Gregg Doyel may be laying it on a bit thickly, but he also may be right. Anthony Kim’s dismantling of Sergio Garcia may be the herald of a new superstar in golf.
We’ve been waiting for another one. Not for another Tiger Woods, exactly, because getting one Tiger Woods was miraculous enough. But we’ve been waiting for another one, another superstar, another American golfer with the moxie and the mental toughness to match his superstar skill.
And on Sunday, he arrived. Wearing a jewel-encrusted belt buckle. In the colors red, white and blue.
No ordinary Ryder Cup rookie, cocky young American Anthony Kim drew the enormous assignment of playing the first of Sunday’s 12 individual matches—and responded by destroying the best Ryder Cup player of this generation. Kim’s 5 and 4 demolition of Sergio Garcia gave the United States an enormous psychological lift and just enough of a scoreboard cushion to hold off Europe and bring home the Ryder Cup for the first time since 1999.
He’s good, but Hunter Mahan had 3.5 points in four matches to Kim’s 2.5. Still, as Doyel put it,
Kim is so cold, he refused Garcia’s request on the first hole to concede both putts. Garcia was farther away, maybe 3 feet to Kim’s 2½, and when he looked at both ball locations and raised his eyebrows, Kim shook his head. No, Sergio. You’re going to have to putt that one. Nothing comes easy today.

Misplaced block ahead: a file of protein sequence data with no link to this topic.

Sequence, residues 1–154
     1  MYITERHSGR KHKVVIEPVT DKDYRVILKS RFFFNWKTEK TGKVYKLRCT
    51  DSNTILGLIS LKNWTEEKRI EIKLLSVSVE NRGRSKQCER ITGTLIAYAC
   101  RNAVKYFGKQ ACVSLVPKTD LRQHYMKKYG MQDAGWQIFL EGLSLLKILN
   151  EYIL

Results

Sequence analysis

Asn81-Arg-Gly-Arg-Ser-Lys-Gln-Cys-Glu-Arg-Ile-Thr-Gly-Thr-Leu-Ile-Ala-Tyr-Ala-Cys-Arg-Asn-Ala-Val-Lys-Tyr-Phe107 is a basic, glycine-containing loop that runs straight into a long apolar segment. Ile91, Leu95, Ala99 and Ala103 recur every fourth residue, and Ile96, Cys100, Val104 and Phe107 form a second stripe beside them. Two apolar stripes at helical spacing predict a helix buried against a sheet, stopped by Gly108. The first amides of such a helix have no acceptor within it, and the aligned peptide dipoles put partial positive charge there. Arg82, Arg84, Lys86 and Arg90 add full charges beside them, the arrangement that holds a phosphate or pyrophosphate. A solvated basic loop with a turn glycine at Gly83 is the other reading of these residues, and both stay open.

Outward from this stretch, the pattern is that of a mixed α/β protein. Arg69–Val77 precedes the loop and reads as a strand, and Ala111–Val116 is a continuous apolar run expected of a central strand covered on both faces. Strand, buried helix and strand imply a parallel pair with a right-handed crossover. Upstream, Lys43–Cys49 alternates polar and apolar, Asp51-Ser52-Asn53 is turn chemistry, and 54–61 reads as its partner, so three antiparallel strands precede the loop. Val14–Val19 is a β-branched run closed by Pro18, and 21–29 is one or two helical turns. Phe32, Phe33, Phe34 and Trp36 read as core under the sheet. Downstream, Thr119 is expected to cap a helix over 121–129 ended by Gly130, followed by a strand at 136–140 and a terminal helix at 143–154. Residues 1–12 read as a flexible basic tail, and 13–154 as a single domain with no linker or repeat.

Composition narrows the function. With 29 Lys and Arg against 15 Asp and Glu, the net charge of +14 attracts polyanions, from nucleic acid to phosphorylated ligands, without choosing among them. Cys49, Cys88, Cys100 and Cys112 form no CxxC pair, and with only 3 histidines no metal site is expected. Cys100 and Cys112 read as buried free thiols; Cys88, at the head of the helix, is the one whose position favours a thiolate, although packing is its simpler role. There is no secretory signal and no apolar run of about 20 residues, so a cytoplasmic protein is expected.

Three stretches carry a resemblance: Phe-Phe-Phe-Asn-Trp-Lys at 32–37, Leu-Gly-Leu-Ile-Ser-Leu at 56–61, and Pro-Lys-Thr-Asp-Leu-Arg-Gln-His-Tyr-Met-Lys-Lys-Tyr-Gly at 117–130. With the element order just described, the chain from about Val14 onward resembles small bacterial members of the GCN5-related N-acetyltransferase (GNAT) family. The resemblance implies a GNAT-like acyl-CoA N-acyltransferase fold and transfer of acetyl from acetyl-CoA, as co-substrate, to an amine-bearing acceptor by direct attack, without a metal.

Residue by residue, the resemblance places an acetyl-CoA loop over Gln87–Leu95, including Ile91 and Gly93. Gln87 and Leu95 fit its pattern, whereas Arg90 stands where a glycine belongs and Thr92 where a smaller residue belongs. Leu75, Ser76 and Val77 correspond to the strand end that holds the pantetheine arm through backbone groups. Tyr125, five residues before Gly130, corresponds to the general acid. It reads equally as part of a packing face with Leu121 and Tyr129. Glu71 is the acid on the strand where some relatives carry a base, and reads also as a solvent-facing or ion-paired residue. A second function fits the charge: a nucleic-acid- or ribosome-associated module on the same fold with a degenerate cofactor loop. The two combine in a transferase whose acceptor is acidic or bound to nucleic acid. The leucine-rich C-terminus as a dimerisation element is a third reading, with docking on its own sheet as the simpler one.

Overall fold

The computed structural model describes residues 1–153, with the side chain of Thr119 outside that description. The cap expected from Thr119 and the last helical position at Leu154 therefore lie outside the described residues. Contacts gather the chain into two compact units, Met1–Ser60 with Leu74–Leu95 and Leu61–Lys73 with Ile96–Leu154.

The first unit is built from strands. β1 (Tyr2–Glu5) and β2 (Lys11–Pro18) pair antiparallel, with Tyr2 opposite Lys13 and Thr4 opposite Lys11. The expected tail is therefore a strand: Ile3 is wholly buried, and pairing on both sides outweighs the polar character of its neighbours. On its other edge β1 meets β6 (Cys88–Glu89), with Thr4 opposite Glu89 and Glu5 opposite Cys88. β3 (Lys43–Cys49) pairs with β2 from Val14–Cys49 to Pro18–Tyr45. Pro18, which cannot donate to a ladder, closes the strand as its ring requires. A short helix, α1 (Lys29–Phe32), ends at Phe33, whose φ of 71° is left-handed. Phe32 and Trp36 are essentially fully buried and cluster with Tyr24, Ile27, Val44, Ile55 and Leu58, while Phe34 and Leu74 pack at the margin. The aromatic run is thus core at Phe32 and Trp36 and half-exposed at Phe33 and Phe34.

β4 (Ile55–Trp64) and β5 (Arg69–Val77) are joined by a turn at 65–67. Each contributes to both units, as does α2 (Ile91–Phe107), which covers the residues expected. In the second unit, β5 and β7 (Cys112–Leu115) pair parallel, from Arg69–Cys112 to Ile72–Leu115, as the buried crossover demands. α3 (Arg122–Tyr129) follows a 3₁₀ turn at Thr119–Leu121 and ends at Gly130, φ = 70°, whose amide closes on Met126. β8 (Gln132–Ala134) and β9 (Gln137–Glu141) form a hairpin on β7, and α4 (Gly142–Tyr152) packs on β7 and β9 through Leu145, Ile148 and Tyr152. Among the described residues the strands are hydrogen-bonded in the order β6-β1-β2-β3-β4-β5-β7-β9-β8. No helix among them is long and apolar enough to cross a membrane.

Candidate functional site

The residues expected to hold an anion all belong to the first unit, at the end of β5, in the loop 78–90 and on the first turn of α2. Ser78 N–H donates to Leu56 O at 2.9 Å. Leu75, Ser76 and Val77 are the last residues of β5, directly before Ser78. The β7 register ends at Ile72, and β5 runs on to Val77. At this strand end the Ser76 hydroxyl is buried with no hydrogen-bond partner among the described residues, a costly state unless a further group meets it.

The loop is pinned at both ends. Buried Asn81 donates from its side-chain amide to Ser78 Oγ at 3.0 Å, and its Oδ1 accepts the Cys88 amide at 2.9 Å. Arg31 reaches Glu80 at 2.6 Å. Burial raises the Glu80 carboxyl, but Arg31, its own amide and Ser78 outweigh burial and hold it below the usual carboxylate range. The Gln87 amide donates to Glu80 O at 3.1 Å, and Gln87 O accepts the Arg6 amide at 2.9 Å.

And nothing did. Kim poured it on like Georgia Tech against Cumberland College, hitting shot after shot near the pin and getting up-and-down from greenside bunkers. Kim was so confident, he made the most remarkable concession I’ve ever seen. It came on the fourth hole when Garcia ran a low pitch to within 3 feet of the hole. Pick it up, Kim said from the fairway, before running his own approach shot to within 4 feet and burying his putt to halve the hole.
Garcia was done. He dunked two shots in the water on No. 7. The crowd was hooting, and Kim asked them to be even louder. On the next hole Kim reached into Garcia’s chest cavity and removed his heart by getting up-and-down for par from a bunker as Garcia was missing a makable birdie putt.
That’s dominance of the sort that Tiger routinely imposes on his playing partners in the final round of Majors.